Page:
Archaeologists of the Israel Antiquities Authority have revealed a 7,000-year-old settlement during construction works of a new road in the Shuʻfat neighborhood in northern Jerusalem.
This is the first significant Copper Age find in the city. According to Dr. Omri Barzilai, Head of the IAA’s Prehistory Departure, “The Chalcolithic period is known in the Negev, the coastal plain, the Galilee and the Golan, but is almost completely absent in the Judean Hills and Jerusalem. Although in recent years we have discovered a few traces of Chalcolithic settlements, such as those at Abu Gosh, Motza Junction, and the Holyland compound in Jerusalem, they have been extremely sparse. Now, for the first time, we have discovered significant remains from 7,000 years ago.”
The team brought to light two well-preserved dwellings. Among the finds were pottery vessels, flint tools, and a basalt bowl.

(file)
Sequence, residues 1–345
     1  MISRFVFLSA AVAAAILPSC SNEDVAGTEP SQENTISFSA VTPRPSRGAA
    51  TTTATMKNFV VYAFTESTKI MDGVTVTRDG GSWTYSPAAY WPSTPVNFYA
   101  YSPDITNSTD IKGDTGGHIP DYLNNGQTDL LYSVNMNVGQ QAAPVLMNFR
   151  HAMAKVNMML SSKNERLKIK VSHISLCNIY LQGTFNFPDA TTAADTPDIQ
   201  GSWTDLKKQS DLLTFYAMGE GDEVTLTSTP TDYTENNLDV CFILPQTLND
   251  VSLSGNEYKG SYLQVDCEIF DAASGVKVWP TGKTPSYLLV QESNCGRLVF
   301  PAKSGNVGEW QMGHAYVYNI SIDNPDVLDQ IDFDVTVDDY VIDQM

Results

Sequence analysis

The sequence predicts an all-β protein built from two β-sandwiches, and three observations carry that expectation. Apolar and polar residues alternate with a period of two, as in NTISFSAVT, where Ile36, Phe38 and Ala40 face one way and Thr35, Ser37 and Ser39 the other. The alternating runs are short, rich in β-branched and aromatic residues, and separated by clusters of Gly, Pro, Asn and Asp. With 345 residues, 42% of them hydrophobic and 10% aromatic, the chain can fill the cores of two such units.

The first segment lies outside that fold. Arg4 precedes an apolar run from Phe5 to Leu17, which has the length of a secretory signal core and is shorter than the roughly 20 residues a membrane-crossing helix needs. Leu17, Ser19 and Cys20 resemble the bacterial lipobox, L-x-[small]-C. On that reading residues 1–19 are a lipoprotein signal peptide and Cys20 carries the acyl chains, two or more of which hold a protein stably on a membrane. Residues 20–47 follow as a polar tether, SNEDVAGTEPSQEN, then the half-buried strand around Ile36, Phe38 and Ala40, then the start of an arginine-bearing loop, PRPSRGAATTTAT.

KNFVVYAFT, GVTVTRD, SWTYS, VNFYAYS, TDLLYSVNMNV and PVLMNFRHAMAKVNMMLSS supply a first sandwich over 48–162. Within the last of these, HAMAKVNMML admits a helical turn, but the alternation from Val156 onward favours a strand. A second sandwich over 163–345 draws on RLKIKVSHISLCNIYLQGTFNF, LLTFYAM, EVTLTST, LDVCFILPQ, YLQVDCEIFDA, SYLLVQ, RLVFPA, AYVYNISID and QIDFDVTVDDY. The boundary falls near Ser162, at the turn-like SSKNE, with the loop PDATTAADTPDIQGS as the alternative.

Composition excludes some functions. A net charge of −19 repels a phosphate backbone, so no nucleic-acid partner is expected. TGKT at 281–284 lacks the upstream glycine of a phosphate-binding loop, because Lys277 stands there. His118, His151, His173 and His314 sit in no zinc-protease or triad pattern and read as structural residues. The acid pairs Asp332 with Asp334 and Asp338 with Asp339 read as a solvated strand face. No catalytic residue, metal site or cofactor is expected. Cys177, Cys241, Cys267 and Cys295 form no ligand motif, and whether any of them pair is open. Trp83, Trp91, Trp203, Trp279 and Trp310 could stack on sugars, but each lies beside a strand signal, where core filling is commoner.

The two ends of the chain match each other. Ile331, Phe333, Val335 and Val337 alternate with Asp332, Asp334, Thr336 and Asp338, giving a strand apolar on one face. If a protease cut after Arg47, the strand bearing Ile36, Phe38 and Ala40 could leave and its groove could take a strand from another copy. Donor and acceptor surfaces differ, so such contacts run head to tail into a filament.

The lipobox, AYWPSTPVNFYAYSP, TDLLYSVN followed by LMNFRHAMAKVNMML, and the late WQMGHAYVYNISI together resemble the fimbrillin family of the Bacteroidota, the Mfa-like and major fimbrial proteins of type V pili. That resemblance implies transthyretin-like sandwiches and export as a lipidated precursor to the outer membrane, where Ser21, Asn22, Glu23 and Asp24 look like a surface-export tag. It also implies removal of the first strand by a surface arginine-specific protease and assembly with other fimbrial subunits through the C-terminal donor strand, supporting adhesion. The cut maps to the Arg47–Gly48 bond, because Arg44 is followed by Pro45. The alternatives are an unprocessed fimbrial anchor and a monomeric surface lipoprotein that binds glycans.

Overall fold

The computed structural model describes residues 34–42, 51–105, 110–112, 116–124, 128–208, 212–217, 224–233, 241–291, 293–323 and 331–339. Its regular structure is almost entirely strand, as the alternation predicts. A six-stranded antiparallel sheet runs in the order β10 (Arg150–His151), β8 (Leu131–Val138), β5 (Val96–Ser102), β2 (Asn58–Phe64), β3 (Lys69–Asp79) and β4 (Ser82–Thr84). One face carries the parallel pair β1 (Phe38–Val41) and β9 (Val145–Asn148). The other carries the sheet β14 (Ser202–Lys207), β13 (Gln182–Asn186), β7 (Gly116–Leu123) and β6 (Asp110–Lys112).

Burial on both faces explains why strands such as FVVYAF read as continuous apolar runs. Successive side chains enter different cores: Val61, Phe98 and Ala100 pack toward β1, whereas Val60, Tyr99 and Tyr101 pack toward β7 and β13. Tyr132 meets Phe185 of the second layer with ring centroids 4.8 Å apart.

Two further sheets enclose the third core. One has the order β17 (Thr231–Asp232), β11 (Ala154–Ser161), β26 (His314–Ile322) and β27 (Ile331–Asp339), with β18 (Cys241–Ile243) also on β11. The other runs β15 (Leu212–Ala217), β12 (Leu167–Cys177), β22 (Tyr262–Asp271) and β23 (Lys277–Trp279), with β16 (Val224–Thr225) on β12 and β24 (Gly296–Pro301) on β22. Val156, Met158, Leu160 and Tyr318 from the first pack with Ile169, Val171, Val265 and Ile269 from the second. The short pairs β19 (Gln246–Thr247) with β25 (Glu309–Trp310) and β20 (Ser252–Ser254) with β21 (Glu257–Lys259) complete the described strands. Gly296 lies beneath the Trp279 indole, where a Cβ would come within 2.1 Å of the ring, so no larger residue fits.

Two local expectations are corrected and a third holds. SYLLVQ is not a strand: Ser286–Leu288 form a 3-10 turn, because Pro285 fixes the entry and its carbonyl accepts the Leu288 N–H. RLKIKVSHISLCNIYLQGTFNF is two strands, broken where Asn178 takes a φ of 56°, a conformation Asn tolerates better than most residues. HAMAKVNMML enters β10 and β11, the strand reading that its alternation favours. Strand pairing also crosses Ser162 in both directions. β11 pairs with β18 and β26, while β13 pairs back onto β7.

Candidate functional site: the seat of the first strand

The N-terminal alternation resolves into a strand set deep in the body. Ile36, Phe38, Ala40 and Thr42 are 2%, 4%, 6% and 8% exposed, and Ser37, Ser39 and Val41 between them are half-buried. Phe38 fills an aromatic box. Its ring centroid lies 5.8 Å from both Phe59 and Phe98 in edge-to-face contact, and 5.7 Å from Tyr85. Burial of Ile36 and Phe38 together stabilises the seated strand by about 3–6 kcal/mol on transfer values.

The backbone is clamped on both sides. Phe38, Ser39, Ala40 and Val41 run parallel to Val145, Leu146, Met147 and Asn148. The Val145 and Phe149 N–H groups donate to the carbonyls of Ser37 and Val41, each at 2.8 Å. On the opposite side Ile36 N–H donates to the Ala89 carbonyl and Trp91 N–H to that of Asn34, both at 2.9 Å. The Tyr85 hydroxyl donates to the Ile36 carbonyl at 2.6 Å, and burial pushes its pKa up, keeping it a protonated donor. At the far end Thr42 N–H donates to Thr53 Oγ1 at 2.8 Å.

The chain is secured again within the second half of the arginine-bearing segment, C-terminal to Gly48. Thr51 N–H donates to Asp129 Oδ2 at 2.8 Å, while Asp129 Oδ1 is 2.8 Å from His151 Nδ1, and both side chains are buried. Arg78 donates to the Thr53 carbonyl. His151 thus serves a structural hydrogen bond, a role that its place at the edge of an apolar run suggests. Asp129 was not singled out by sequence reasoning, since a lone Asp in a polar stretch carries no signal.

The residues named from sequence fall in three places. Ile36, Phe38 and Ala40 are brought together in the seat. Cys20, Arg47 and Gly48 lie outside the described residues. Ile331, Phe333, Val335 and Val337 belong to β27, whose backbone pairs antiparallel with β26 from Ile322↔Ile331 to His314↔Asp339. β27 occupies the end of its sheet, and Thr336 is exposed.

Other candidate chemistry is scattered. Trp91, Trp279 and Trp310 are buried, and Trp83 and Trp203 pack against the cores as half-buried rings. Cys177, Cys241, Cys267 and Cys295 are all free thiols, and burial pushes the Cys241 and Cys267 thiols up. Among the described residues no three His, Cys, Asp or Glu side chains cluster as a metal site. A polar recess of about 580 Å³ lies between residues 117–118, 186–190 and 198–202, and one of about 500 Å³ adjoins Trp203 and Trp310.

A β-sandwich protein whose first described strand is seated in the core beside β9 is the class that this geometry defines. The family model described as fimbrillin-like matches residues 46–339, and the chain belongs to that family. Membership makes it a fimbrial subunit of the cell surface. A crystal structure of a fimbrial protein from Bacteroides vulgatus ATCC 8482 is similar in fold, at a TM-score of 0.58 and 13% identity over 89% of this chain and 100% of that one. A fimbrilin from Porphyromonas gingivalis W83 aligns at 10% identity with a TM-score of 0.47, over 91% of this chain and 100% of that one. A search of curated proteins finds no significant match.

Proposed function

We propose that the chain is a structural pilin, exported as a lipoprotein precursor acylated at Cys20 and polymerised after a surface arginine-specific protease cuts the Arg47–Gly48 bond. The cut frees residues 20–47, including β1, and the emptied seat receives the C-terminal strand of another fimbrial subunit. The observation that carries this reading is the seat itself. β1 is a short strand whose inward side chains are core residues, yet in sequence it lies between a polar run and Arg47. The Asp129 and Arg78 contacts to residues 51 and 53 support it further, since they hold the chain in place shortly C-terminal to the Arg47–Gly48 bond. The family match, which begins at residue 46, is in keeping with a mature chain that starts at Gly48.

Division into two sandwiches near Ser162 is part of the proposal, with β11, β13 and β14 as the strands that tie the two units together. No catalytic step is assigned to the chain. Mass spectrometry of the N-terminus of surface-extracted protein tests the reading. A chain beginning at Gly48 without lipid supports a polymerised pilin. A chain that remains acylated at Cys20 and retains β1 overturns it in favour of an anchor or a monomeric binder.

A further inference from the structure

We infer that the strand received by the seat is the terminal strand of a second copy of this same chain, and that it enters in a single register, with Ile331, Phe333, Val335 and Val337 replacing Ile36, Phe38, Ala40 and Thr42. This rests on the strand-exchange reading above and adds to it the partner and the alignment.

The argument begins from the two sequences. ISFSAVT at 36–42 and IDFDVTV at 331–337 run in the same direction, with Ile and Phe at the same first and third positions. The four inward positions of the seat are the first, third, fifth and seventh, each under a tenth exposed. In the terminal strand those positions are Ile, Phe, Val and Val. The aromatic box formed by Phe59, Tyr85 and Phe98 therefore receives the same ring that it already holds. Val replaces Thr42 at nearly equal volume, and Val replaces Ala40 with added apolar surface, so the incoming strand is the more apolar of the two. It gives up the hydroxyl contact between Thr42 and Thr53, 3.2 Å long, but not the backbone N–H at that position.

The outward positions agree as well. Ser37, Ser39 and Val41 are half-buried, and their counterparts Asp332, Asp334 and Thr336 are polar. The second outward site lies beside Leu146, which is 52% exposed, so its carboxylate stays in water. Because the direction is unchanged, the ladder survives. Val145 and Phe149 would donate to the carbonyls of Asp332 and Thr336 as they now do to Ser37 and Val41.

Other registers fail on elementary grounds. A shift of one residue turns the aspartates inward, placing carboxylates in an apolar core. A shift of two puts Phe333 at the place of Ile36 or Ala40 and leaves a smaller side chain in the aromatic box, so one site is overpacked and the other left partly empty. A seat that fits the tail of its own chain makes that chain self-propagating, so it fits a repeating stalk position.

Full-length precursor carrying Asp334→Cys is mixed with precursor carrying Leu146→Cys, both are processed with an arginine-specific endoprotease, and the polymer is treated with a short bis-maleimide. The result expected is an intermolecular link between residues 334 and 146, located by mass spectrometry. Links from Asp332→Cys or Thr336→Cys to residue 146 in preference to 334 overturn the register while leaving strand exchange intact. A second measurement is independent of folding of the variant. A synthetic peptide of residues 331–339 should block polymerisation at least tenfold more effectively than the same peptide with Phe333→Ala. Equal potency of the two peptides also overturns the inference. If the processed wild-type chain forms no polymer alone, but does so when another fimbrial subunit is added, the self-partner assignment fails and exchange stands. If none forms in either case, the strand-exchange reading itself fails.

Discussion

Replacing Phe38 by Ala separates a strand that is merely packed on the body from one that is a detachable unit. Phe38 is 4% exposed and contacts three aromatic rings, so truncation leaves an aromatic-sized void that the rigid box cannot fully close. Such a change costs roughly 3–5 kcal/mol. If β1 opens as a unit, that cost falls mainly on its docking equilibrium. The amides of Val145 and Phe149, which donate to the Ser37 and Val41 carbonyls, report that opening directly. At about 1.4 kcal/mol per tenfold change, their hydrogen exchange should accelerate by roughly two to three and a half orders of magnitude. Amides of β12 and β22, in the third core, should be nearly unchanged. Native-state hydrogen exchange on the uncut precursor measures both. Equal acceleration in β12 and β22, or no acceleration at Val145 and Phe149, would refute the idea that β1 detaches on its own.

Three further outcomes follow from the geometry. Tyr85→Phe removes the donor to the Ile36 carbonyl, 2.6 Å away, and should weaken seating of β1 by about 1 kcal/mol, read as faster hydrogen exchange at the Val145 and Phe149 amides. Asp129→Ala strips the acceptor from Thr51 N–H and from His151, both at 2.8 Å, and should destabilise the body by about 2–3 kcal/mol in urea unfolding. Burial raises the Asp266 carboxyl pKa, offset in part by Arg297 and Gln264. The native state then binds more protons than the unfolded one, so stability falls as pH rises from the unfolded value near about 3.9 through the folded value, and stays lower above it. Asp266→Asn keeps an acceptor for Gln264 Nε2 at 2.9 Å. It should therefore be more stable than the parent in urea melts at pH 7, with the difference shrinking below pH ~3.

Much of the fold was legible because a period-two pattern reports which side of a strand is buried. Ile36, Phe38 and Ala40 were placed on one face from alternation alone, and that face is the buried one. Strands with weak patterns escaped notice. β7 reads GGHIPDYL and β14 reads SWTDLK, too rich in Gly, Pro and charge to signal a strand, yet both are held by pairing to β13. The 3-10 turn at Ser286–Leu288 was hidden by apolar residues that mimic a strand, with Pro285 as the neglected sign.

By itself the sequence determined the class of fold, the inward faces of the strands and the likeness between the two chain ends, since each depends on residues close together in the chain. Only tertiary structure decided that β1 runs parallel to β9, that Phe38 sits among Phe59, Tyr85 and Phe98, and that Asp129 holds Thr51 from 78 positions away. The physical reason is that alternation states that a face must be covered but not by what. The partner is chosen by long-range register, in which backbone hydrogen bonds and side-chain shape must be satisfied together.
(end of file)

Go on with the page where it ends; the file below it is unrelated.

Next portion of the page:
According to Ronit Lupo, director of the excavations for the Israel Antiquities Authority: “On completion of the excavations at Shuʻfat, it is quite evident that there was a thriving settlement in the Jerusalem area in ancient times. Thousands of years later, the buildings uncovered are of a standard that would not fall short of Jerusalem’s architecture. This discovery represents a highly significant addition to our research of the city and the vicinity. Apart from the pottery, the fascinating flint finds attest to the livelihood of the local population in prehistoric times: Small sickle blades for harvesting cereal crops, chisels and polished axes for building, borers and awls, and even a bead made of carnelian, indicating that jewelry was either made or imported. The grinding tools, mortars and pestles, like the basalt bowl, attest to technological skills as well as to the kinds of crafts practiced in the local community. We also recovered a few bones of sheep/goat and possibly cattle; these will be analyzed in the Israel Antiquities Authority laboratories, permitting us to recreate the dietary habits of the people who lived here 7,000 years ago and enhancing our understanding of the settlement’s economy.”